Disabled woman to take DWP to court over ‘immoral’ automatic benefit deductions

Helen Timson says third party deductions scheme can leave many without enough money to buy food

A disabled woman is to challenge the Department for Work and Pensions in court over what she calls its “immoral” policy of allowing landlords and utilities companies to automatically make deductions from monthly benefits payments without the claimant’s consent.

Helen Timson, 50, of Leicester said the third party deductions scheme, which allows up to 25% of people’s monthly means-tested benefits to be diverted at source to pay off arrears, was unlawful and could leave many people without enough money to buy food and pay rent.

At least 200,000 UK households face deductions from their benefits as a result of water, gas and electricity firms arranging with the DWP to have customers’ arrears paid automatically – and there are fears that rising energy prices will lead to more families becoming subjected to the scheme.

Under current practice, the DWP does not seek consent from the claimant for these deductions if they amount to less than a threshold of 25%. Nor does it conduct means tests, or attempt to agree realistic payment plans with creditors.

Timson said she had been subjected to benefit deductions on multiple occasions, all without her consent and against her wishes. On two occasions deductions were taken for non-existent debts, and on another occasion water payments were taken from her benefit and credited to someone else’s account. She said the DWP has consistently refused to stop the deductions, telling her that only the utility companies could do so.

As a result of the deductions she was pushed into near destitution and unable to pay her rent. On one occasion she had to cancel an appointment for an NHS cancer scan because she did not have enough money to pay for a taxi.

“Paying arrears should not leave benefits claimants destitute and unable to pay for basic necessities,” said Timson, who is currently in receipt of disability unemployment benefits. “There must be a viable way for third parties to arrange a realistic repayment schedule with the debtor’s consent, rather than allowing utilities firms and landlords to help themselves to a quarter of people’s benefits – including for errors where no money is owed.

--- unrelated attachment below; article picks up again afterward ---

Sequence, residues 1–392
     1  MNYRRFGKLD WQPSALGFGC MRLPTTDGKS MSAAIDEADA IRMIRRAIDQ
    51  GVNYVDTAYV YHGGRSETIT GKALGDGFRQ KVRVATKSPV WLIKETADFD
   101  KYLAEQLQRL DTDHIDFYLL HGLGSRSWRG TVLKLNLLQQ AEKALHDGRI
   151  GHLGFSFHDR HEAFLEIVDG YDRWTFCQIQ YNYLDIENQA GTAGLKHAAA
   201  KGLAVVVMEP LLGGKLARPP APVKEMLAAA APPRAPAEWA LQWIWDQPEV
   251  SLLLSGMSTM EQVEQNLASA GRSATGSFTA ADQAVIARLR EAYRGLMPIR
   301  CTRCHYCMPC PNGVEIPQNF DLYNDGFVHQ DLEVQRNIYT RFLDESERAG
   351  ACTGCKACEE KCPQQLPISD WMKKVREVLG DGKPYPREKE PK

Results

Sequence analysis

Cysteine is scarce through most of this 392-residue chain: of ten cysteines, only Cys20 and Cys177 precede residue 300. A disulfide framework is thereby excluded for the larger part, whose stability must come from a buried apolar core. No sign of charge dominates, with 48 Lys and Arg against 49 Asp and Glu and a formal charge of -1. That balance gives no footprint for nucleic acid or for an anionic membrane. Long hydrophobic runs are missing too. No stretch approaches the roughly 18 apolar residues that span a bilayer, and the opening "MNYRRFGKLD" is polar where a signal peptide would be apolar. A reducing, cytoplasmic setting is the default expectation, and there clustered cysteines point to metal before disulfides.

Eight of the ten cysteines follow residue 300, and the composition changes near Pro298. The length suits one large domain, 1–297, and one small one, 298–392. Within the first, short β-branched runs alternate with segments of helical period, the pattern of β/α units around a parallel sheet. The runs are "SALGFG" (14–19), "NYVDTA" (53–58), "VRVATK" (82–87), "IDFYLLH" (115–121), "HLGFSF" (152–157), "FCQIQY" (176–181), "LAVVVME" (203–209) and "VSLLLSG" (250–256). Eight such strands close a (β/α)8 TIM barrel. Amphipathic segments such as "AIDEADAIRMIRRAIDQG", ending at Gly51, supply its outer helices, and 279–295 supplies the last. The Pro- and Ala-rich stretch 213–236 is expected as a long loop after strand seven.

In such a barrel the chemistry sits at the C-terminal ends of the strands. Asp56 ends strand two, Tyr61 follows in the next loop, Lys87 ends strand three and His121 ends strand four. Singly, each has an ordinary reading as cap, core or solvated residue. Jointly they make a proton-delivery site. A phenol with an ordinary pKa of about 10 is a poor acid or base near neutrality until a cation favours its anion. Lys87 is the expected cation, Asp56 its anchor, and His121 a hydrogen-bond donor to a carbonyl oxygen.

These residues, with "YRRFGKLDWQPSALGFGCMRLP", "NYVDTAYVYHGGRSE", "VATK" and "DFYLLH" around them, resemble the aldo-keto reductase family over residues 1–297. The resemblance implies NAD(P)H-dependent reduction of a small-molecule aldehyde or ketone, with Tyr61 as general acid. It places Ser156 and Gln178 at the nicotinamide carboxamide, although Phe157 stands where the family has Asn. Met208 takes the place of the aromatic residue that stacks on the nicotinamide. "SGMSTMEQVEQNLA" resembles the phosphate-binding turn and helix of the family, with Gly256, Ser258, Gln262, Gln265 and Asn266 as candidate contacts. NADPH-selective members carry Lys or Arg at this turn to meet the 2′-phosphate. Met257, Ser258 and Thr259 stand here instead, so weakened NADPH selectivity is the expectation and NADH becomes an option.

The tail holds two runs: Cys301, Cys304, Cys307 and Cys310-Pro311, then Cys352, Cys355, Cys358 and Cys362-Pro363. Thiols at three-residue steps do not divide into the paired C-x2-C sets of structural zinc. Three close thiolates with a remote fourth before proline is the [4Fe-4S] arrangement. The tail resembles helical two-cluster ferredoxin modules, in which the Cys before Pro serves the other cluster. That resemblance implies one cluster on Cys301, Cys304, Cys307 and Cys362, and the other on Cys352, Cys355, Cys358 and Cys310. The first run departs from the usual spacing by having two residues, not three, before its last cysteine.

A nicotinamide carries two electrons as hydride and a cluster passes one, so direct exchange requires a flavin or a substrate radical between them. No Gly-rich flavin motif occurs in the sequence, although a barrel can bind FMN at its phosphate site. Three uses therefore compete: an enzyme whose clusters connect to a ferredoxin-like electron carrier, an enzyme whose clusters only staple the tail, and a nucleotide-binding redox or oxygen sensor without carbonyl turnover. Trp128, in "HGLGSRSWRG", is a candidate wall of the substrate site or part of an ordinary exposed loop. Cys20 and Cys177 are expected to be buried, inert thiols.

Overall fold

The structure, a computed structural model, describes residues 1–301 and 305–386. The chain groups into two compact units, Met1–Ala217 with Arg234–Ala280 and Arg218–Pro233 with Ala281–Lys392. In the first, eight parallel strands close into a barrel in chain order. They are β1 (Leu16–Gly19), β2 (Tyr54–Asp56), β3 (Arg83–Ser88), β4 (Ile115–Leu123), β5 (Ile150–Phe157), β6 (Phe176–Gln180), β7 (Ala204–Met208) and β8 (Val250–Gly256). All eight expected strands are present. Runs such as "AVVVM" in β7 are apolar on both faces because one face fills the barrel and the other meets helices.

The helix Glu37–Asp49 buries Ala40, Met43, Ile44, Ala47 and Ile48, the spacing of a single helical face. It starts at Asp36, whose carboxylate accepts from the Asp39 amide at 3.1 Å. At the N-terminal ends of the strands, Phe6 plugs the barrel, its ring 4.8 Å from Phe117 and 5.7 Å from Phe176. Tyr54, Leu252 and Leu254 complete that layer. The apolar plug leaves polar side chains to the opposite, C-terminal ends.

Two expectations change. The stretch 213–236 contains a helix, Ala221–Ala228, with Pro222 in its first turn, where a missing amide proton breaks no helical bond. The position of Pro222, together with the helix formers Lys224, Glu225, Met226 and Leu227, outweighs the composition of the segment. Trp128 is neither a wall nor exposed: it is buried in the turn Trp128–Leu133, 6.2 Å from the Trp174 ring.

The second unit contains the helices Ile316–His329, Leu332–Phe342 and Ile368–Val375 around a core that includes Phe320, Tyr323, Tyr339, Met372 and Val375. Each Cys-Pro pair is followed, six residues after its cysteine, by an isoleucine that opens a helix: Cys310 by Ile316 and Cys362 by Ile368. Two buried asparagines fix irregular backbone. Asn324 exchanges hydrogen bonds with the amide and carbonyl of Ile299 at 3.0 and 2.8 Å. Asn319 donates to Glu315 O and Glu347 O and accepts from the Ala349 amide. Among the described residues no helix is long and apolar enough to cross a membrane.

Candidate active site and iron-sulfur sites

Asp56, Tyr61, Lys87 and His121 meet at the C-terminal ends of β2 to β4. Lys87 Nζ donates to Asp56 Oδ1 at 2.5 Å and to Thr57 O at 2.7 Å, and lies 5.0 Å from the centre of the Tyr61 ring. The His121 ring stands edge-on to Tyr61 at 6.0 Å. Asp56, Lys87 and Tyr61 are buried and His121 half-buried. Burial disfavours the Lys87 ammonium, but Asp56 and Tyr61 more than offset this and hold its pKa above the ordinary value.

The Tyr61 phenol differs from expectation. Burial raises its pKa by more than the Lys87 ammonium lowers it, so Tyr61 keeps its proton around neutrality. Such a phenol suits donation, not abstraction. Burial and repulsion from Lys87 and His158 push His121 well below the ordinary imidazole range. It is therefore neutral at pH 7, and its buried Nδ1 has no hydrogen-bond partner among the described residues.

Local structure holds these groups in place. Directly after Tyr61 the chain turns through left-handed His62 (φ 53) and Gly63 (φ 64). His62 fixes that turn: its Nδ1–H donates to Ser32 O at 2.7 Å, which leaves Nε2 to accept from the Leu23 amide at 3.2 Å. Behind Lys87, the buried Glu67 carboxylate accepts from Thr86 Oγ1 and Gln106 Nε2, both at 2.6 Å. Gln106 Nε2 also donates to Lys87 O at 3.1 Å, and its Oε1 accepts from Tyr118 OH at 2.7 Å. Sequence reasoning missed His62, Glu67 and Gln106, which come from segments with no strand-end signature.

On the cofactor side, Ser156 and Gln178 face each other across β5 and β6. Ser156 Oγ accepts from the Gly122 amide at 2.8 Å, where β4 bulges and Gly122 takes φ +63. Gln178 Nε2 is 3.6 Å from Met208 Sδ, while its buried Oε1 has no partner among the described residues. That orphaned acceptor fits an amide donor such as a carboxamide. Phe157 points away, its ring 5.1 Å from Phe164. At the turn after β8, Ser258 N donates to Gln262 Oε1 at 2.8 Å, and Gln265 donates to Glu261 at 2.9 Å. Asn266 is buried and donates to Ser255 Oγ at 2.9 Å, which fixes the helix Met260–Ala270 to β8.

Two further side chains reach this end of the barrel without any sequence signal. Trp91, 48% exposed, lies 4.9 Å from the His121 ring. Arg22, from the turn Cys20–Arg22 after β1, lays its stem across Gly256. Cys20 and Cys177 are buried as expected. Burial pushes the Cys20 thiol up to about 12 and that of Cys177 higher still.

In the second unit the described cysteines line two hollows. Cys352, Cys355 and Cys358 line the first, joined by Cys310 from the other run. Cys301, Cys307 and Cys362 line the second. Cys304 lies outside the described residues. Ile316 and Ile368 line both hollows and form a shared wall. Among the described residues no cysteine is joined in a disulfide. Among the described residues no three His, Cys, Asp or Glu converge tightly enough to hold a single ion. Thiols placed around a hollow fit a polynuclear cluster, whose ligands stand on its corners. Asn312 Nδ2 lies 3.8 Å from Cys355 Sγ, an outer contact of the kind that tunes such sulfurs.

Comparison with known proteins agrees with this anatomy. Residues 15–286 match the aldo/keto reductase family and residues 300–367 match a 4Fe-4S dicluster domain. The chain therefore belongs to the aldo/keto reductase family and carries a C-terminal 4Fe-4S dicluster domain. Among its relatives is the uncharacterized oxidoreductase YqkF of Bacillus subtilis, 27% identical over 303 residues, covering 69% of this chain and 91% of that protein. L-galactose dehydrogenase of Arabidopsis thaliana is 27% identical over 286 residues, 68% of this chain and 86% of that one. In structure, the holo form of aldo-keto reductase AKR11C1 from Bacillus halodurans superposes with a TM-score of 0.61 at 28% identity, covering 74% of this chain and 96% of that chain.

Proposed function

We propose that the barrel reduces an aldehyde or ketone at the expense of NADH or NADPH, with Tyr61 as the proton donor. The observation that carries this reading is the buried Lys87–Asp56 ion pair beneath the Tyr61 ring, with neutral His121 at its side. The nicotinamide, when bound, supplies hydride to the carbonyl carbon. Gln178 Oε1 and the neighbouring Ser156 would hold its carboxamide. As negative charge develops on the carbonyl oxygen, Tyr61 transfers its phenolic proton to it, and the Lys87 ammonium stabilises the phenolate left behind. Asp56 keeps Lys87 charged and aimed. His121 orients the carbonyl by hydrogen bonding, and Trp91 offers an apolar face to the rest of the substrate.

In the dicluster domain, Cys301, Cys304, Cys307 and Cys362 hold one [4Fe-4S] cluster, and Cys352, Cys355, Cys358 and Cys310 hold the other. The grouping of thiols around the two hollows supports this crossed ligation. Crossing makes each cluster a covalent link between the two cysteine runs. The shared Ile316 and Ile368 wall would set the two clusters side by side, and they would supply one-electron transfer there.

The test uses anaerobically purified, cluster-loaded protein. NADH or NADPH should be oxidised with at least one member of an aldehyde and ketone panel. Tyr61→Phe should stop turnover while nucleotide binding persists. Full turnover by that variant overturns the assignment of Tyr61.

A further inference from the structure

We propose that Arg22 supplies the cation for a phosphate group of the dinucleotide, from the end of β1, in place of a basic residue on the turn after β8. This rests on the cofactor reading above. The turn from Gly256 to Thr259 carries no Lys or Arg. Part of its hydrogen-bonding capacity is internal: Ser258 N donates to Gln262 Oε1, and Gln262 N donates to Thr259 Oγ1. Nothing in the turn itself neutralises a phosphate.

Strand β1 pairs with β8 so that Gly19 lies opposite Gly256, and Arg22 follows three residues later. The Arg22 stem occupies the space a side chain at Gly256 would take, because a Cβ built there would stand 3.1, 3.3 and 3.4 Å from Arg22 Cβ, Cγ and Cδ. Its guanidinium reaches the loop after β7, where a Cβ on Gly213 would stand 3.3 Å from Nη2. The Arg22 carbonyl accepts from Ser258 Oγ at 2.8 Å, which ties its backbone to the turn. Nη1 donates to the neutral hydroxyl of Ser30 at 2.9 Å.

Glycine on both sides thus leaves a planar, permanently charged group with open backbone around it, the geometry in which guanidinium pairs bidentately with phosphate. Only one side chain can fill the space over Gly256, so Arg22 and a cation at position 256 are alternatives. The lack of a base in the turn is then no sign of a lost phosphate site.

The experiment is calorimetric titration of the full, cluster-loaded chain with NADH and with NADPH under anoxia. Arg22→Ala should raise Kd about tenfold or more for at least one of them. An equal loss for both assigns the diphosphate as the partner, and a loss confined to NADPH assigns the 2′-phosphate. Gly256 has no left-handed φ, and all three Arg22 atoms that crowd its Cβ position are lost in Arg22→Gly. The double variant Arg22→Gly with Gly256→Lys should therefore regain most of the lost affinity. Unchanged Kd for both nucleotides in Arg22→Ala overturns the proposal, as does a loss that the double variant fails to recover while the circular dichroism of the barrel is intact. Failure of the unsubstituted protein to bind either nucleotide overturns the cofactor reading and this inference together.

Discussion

She said: “It is immoral and indefensible that utilities firms plunge people even further into poverty, leaving them without enough money for rent or food, while earning interest on money paid to them in error.”

The case is expected to be heard in the next few months.

A DWP spokesperson said: “Safeguards are in place to ensure deductions are manageable for customers and they are encouraged to contact DWP if they believe a deduction from their benefit should not be made.”

• This article was amended on 21 December 2021 to correct the details of the deductions that Helen Timson said had been made without her agreement.


Patrick Butler Social policy editor

The GuardianTramp

Related Content

Article image
Benefit changes leave disabled people facing poverty, charities warn
Hundreds of thousands of disabled and ill claimants left out of UK coronavirus measures

Patrick Butler Social policy editor

30, Mar, 2020 @4:26 PM

Article image
DWP accused of offering disabled people 'take it or leave it' benefits
Lower value ‘deals’ allegedly offered to vulnerable people appealing against decisions

Frances Ryan

02, Mar, 2020 @1:00 PM

Article image
Disabled and ill benefit claimants overcharged due to DWP error
Botched transfer had knock-on effect on councils’ financial assessments

Aaron Walawalkar

15, Feb, 2020 @5:16 PM

David Cameron accused of bogus accounting over plans to slash incapacity benefit
Employment minister Jim Knight says move to cut £25 a week from 500,000 claimants will penalise the sick

Patrick Wintour and Andrew Sparrow

05, Oct, 2009 @9:58 AM

Article image
DWP criticised for ‘incredible secrecy’ over deaths of benefit claimants
Commons work and pensions committee to question ministers following case of Errol Graham and others

Patrick Butler Social policy editor

01, Mar, 2020 @4:03 PM

Article image
Disabled people's benefit system needs reform, says minister
Work and pensions minister Steve Webb accepts reform is necessary for Atos-approved employment support allowance

Daniel Boffey

17, Sep, 2011 @8:29 PM

Article image
Disabled people failed by labyrinthine benefits system | Letters
Letters: The Department for Work and Pensions is bent on causing distress to all categories of disabled people


06, Mar, 2017 @6:46 PM

Article image
Disabled man takes government to court over benefit test

Atos 'acted unlawfully' by not taping interview of ex-social worker found fit to work despite him leaving job due to brain surgery

Randeep Ramesh, social affairs editor

13, Dec, 2012 @9:28 PM

Article image
'I’m angry': voter confronts Theresa May over disability benefit cuts
PM’s walkabout in Oxfordshire disrupted by Kathy Mohan who tells May she cannot live on payments of £100 a month

Rowena Mason Deputy political editor

15, May, 2017 @6:12 PM

Article image
Keir Starmer: universal credit cut is an attack on the poorest
Labour leader says Boris Johnson’s decision to remove £20 uplift comes at ‘worst possible time’

Ben Quinn

08, Oct, 2021 @8:17 AM